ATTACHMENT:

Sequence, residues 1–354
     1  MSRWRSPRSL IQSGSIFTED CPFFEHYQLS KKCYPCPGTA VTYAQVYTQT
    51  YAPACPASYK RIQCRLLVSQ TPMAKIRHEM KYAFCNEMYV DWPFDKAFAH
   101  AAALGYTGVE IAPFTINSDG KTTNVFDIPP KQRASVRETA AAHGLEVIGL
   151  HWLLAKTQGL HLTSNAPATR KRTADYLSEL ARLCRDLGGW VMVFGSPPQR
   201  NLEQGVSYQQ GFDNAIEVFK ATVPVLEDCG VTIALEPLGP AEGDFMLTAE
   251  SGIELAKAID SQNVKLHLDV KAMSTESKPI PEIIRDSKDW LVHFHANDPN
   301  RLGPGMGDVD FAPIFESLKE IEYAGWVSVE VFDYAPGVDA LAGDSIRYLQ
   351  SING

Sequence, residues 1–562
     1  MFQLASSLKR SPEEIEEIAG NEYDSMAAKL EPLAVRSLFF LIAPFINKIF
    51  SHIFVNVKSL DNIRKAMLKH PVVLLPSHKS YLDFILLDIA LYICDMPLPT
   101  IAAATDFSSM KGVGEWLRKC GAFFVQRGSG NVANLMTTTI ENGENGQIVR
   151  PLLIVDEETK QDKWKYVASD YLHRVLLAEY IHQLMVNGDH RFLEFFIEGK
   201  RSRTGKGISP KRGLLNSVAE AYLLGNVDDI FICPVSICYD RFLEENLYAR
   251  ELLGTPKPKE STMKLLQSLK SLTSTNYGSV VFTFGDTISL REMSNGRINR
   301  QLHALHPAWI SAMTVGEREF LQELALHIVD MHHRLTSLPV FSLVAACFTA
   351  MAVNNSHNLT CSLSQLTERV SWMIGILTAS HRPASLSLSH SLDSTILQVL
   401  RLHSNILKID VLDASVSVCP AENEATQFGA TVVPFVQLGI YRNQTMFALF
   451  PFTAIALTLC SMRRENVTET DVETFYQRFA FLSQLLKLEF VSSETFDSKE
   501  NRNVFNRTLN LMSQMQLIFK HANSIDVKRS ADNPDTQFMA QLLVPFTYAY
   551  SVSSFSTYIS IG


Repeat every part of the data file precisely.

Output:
Sequence, residues 1–354
     1  MSRWRSPRSL IQSGSIFTED CPFFEHYQLS KKCYPCPGTA VTYAQVYTQT
    51  YAPACPASYK RIQCRLLVSQ TPMAKIRHEM KYAFCNEMYV DWPFDKAFAH
   101  AAALGYTGVE IAPFTINSDG KTTNVFDIPP KQRASVRETA AAHGLEVIGL
   151  HWLLAKTQGL HLTSNAPATR KRTADYLSEL ARLCRDLGGW VMVFGSPPQR
   201  NLEQGVSYQQ GFDNAIEVFK ATVPVLEDCG VTIALEPLGP AEGDFMLTAE
   251  SGIELAKAID SQNVKLHLDV KAMSTESKPI PEIIRDSKDW LVHFHANDPN
   301  RLGPGMGDVD FAPIFESLKE IEYAGWVSVE VFDYAPGVDA LAGDSIRYLQ
   351  SING

Sequence, residues 1–562
     1  MFQLASSLKR SPEEIEEIAG NEYDSMAAKL EPLAVRSLFF LIAPFINKIF
    51  SHIFVNVKSL DNIRKAMLKH PVVLLPSHKS YLDFILLDIA LYICDMPLPT
   101  IAAATDFSSM KGVGEWLRKC GAFFVQRGSG NVANLMTTTI ENGENGQIVR
   151  PLLIVDEETK QDKWKYVASD YLHRVLLAEY IHQLMVNGDH RFLEFFIEGK
   201  RSRTGKGISP KRGLLNSVAE AYLLGNVDDI FICPVSICYD RFLEENLYAR
   251  ELLGTPKPKE STMKLLQSLK SLTSTNYGSV VFTFGDTISL REMSNGRINR
   301  QLHALHPAWI SAMTVGEREF LQELALHIVD MHHRLTSLPV FSLVAACFTA
   351  MAVNNSHNLT CSLSQLTERV SWMIGILTAS HRPASLSLSH SLDSTILQVL
   401  RLHSNILKID VLDASVSVCP AENEATQFGA TVVPFVQLGI YRNQTMFALF
   451  PFTAIALTLC SMRRENVTET DVETFYQRFA FLSQLLKLEF VSSETFDSKE
   501  NRNVFNRTLN LMSQMQLIFK HANSIDVKRS ADNPDTQFMA QLLVPFTYAY
   551  SVSSFSTYIS IG